Lecture 14: Discussion of Luke 5:1-11

Course: Leading Healthy Church Culture

Lecture 14: Discussion of Luke 5:1-11

A. Luke 5:1-11:

As a way of getting into the discussion, I want to look at what has become a very special passage to me as I think about Jesus’ leadership in this motif. It involves what we call the four pillars of a Christ centered leadership: about relationship, about influence, about follower potential and about common purpose.

Luke 5:1-11:

One day as the crowd was pressing in on him to listen to God’s word, Jesus was standing by the lake of Gennesaret. He saw two boats lying on the shore, but the fishermen had stepped out of them and were washing their nets. So Jesus got into one of the boats (the one that belonged to Simon) and asked him to push out a little from the shore. Then he sat down and began to teach the crowds from the boat. When he had finished speaking, he told Simon, ‘Push out into deep water, and lower your nets for a catch.’ Simon answered, “Master, we have worked hard all night and caught nothing. But if you say so, I’ll lower the nets.” After the men had done this, they caught so many fish that the nets began to tear. So they signaled to their partners in the other boat to come and help them. They came and filled both boats until the boats began to sink. When Simon Peter saw this, he fell down at Jesus’ knees and said, “Leave me, Lord! I am a sinful man!” because Simon and all the people who were with him were amazed at the number of fish they had caught, and so were James and John, Zebedee’s sons and Simon’s partners. Then Jesus told Simon, “Stop being afraid. From now on you will be catching people.” So when they brought the boats to shore, they left everything and followed Jesus.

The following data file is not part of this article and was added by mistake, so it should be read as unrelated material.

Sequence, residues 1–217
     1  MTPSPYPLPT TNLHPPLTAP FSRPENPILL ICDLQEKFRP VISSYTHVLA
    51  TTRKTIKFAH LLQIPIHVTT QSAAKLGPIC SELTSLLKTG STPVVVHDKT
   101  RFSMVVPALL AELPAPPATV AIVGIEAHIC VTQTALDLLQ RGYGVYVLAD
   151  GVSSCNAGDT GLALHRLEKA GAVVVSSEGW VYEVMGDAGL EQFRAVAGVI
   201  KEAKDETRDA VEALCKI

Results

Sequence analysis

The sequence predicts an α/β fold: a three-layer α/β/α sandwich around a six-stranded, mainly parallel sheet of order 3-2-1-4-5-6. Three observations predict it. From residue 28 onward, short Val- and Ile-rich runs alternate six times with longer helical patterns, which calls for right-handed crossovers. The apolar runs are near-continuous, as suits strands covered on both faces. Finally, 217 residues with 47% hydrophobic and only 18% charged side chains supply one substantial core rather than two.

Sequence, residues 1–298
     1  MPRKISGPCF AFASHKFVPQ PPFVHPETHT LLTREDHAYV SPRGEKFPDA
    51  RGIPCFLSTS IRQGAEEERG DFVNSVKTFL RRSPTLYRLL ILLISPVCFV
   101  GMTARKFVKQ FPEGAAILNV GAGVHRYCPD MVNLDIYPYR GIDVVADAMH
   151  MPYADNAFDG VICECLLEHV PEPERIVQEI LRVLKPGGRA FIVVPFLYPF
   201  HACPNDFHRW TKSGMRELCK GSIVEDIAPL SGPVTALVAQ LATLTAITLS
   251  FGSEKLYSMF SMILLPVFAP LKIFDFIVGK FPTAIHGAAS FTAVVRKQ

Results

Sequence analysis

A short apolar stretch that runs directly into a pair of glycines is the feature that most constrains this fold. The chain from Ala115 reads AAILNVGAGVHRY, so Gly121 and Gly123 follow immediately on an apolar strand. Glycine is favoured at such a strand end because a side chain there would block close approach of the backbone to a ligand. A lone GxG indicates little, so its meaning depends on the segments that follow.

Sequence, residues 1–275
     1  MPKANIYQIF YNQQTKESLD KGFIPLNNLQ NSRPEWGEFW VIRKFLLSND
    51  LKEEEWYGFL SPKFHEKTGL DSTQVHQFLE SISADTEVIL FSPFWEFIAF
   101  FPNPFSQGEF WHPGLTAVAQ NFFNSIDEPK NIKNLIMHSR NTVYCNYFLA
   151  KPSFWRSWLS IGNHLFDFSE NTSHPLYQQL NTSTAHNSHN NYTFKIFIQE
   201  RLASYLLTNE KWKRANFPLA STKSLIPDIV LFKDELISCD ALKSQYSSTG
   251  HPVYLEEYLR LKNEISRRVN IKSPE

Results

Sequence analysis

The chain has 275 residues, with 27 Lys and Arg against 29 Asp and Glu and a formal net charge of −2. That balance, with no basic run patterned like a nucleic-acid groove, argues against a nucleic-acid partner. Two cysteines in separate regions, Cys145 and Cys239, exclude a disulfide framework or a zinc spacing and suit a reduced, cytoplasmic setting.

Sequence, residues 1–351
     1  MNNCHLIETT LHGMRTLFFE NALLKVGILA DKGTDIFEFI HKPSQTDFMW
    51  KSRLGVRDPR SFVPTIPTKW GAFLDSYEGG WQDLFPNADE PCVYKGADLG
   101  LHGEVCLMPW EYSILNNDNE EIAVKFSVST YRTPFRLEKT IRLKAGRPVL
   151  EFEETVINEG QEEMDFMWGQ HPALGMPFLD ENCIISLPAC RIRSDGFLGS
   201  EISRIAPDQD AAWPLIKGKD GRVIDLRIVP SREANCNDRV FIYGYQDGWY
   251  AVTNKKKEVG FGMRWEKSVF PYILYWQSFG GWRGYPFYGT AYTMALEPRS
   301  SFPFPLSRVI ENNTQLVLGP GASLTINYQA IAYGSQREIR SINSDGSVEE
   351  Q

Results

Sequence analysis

This is an incredible account of Jesus’ calling of his first disciples. After he finished his teaching, Jesus said to Simon, go out from the shore where the deep water is and let your net down again. They had worked all night without catching very much. Time after time they had thrown their nets into the black dark water and held the ropes as their net sank. All night, they waited for a tug from the fish to signal them to haul in their net, but it didn’t happen. There were still no fish by morning. So they had loaned their boat to Jesus for a teaching session as Simon was preparing to go home. He was tired because of fishing all night. Jesus engaged him to push out and let the net down one more time. If we could read between the lines, Simon may have thought what I would have thought, ‘what do you think we have been doing all night?’ We have let this net down dozens if not hundreds of time. My back aches, my hands are blistered; Rabbi, I see you mean well and you are a good preacher and I’m happy to loan you my boat for the sermon. Why do preachers think they know everything; regardless of what Simon was thinking, he did as Jesus had ask. He could have told Jesus simply no because as fishermen, they knew how to fish; Jesus wasn’t a fisherman. But Simon let the net down and the net was filled with fish. To lead people, leaders understand people’s needs. They discover those needs by related to them. Jesus first demonstrated his concern for Simon the fisherman. Now when Simon recognized the power of Jesus who was in the boat with him, what did he do?